Grammar schools: the wrong debate
The debate over whether we should or should not open more grammar schools has been featured in almost every national newspaper over the last few weeks. Theresa May and her education secretary, Justine Greening, are considering opening more grammar schools and restoring selective learning, arguing that this would increase the availability of a quality education for all those who are bright and work hard, irrespective of financial standing.
The opposing argument, however, is that grammar schools favour those who can afford to move into the necessary catchment areas and have their children privately tutored to pass the 11-plus, therefore ‘buying’ a place in the school of their choice.
Opening up more grammar schools would further extend an education system that is already geared towards those who are taught to memorise answers and are under heavy pressure to pass exams. Why not invest more in skills-based and creative education, moving from teacher focus to learner focus, not just for those ‘non-academic’ children but in a way that caters for all abilities.
Far too often, academic achievement is seen as the only route to securing a good job, but the reality is there are now a wide variety of successful routes. Especially if we consider the university students who stand the best chance of entering their chosen profession; they frequently are those who have developed skills and gained work placement experience outside of the exam hall.
In a recent article in support of grammar schools, the author compared the selection process of top athletes to the selection process of ‘bright students’ through the grammar school entrance assessment; Sports Psychology concepts and principals are well recognised in providing advantages among physically equal competitors, but there is a clear tension of opposites between this and the concepts and principals of a selective grammar school.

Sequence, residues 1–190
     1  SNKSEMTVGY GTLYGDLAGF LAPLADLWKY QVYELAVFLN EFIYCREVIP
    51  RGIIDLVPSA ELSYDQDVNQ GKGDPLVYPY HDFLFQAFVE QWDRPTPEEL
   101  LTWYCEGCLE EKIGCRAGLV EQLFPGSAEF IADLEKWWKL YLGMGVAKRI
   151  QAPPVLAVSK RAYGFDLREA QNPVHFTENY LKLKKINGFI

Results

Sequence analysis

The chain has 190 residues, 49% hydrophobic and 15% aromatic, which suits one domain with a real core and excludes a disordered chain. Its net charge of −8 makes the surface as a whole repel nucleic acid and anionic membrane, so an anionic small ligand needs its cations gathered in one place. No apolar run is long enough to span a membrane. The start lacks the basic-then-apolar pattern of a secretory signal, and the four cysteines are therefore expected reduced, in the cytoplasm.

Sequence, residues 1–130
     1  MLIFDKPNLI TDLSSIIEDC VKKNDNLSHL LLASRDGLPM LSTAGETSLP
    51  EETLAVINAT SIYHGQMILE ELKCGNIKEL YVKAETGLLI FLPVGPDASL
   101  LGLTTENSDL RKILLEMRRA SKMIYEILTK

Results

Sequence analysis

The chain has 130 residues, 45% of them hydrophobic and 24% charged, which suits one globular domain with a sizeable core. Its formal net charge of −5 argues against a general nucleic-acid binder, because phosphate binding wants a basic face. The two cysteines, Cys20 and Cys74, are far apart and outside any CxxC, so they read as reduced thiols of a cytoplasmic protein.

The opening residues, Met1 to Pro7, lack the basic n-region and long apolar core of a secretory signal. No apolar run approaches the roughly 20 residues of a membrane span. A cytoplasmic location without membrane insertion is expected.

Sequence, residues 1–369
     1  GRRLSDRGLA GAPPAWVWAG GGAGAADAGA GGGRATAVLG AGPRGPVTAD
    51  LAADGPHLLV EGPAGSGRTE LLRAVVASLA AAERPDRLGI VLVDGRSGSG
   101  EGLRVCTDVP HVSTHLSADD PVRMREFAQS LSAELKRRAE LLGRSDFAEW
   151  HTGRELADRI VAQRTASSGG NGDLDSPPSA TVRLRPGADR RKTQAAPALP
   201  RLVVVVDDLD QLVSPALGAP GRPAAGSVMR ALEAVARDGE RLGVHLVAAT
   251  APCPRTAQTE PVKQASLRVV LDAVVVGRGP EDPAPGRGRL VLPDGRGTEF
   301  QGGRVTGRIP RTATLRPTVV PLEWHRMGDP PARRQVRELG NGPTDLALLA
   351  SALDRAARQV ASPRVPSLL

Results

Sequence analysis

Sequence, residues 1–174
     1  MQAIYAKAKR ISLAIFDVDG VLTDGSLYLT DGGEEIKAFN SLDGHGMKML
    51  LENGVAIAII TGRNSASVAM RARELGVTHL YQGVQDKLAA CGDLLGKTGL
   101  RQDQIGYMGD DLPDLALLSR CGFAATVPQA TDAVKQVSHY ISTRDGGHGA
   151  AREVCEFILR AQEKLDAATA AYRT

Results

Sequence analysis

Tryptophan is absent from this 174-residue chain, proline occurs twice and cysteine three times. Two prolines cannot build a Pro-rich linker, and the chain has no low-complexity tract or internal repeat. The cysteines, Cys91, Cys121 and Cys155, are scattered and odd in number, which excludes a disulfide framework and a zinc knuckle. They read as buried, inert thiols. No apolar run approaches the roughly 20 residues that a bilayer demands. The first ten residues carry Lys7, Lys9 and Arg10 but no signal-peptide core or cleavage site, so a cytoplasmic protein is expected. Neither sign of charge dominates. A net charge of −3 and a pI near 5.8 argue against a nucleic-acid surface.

While we have watched, and cheered on, our amazing Team GB Olympians over the past couple of weeks, it is important to recognise that their success has come because they are pursuing something that inspires them, and that they enjoy. Can the same be said of an education system that is built on a culture of standardised testing, passing examinations, where the learner is passive in the process?
The mental skills training that takes place within sports psychology can draw parallels to a curriculum that would develop skills such as creativity, analysis and collaboration, rather than ‘compete’ for a grade at the end of the process.
It’s not really a surprise that athletic success is not matched by academic success – and even more so work place success – because we still deal with a conservative constancy in schools who still only give students space when they believe the risks are lower, such as in sport, music and art. As a parent there comes a time when we have to let go and give the child the power to lead themselves. It’s time for a new learning model that creates space for the learner to become active in the process, allowing for achievement, under conditions that mitigate the risks of letting go and cultivate responsible use of that power. Drawing parallels again with the science in creating great athletes, you need to let go whilst at the same time train the individual to understand the space, think about the process and enjoy what they are doing. Perhaps just like in sport we need an education system that provides advantages amongst equal entrants, because who knows what talent is being missed if we don’t.